This post was written with information from Basic Illustrated Wilderness First Aid, by William W. Forgey, MD. The new edition of this guide includes updated wilderness first aid techniques, photos, and illustrations to help you identify and treat injuries. Easy to read and simple to follow, the book is both an introduction to wilderness first aid and a reference for those with more experience.
A message from Dr. Forgey
It has been my distinct honor and pleasure to work with IAMAT as a volunteer Board member for many years. Early in my travel medicine and wilderness medicine career I realized the importance of access to, and the value of, the IAMAT disease information risk database.
The best approach to safe international travel is an educated traveler, not a misinformed one. I applaud the amazing diligent work that the volunteers and staff of IAMAT have so tirelessly and professionally provided over the past 56 years. I am honored to be a part of this organization and urge each of you reading this to please do your part by joining with your membership contribution.
Urban versus wilderness first aid
Dr. Forgey draws a clear distinction between first aid in an urban area and first aid in the wilderness. In an urban environment, you should first call the local emergency number and then focus on any life-threatening injuries, such as breathing difficulties or blood loss. In remote areas where emergency medical services are far away, first assess your surroundings to make sure that you, the injured person, and other travel companions are safe before treating any injuries.
When you are planning a trip to a remote area, make sure that you are familiar with the climate, local weather patterns, hazards, and terrain. Pack appropriate clothing and first aid supplies for your activities and the duration of the trip.
You don’t have to be very far from an urban area to need wilderness first aid skills, especially if you are travelling in a country where emergency medical services are limited. Your first aid kit should include gloves and eye protection plus bandages, gauze, soap, adhesive tape, moleskin, scissors, tweezers, antibacterial ointment, and a pencil and paper. (See our Guide to Healthy Travel for other items to consider.)
Step 1: The initial survey
Take into account your environment (are there any natural hazards like falling rocks?) and the wellbeing of others travelling with you (is their health at risk from other factors, such as extreme cold or heat?) Once you have determined that everyone is in a safe location, assess the injured person to evaluate their injuries. Wear gloves and eye protection to protect yourself from possible infection from the injured person’s body fluids.
Keep calm and comfort the injured person. Follow the ABCDE rule to assess their condition:
Check the person’s airway for normal breathing, their pulse for circulation, look and feel around their body for blood loss (including sliding your hands under the person if they are lying on the ground), and note (but don’t touch) any potential head or neck injuries, especially in the case of a fall.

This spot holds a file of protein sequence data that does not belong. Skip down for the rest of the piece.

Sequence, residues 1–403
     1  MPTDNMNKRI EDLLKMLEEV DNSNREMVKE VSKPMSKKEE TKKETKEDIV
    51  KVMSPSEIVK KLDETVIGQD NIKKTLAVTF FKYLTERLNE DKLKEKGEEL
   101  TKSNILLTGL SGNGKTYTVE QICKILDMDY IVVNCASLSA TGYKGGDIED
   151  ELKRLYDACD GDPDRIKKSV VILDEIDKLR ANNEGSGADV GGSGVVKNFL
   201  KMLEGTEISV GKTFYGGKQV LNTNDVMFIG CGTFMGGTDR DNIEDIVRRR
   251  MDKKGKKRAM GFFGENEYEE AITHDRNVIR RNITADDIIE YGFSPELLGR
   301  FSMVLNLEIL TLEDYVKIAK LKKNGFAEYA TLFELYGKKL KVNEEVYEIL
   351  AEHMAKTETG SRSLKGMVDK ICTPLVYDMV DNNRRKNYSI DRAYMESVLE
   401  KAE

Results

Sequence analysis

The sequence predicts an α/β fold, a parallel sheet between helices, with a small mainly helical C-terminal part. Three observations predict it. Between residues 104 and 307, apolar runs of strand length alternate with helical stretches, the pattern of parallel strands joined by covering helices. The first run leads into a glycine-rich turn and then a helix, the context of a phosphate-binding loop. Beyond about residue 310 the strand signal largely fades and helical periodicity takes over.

When you’re planning a trip to a remote area in another country, it’s a good idea to have evacuation insurance. Double-check that the policy covers the area that you’re visiting. Be aware that in some circumstances, the nearest hospital may be in a neighbouring country.
First aid for hypothermia
One serious problem for outdoor enthusiasts is hypothermia. Here is a short excerpt on the topic from Basic Illustrated Wilderness First Aid, p.65:
Hypothermia can occur quickly when exposed to cold water (acute hypothermia) or more slowly from cold-weather exposure (chronic hypothermia). Hypothermia is the most likely of the environmental injuries encountered in the outdoors. Most chronic hypothermia deaths occur when the outside temperature is between 30°F (-1°C) and 50°F (10°C).
It can be difficult to take an accurate temperature outdoors, especially when it’s cold. You should suspect hypothermia if someone who is cold starts to fumble with complex tasks, can’t speak or think clearly, or can’t walk in a straight line. You should also suspect hypothermia if the person has been in cold water for longer than 20 minutes. Hypothermia can develop quickly in people who are very tired.
A shivering person will warm up from the inside. Do not try to rewarm a shivering person with heat packs or by rubbing their skin – this can make them stop shivering and slow rewarming. Make sure they are wearing warm, dry clothes and are in a warm, sheltered area. Give them food and something warm to drink. If they are not exhausted, allowing them to walk slowly will also help warm them.
If someone shows signs of hypothermia but isn’t shivering, they can’t be rewarmed in the field and should be evacuated immediately. Keep them warm until evacuation by fully enclosing them and two rescuers in two zipped-together sleeping bags.
To prevent hypothermia, follow the COLD acronym:
- Wear clean clothing
- Avoid overheating
- Keep clothing loose
- Stay dry
Being prepared is key to preventing and managing injuries!
Dr. Forgey is a member of IAMAT’s Board of Directors and IAMAT’s Medical Advisory Board. He is Past President of the Wilderness Medical Society and holds a Certificate in Travel Health from the International Society of Travel Medicine (ISTM). You can find Basic Illustrated Wilderness First Aid on Amazon.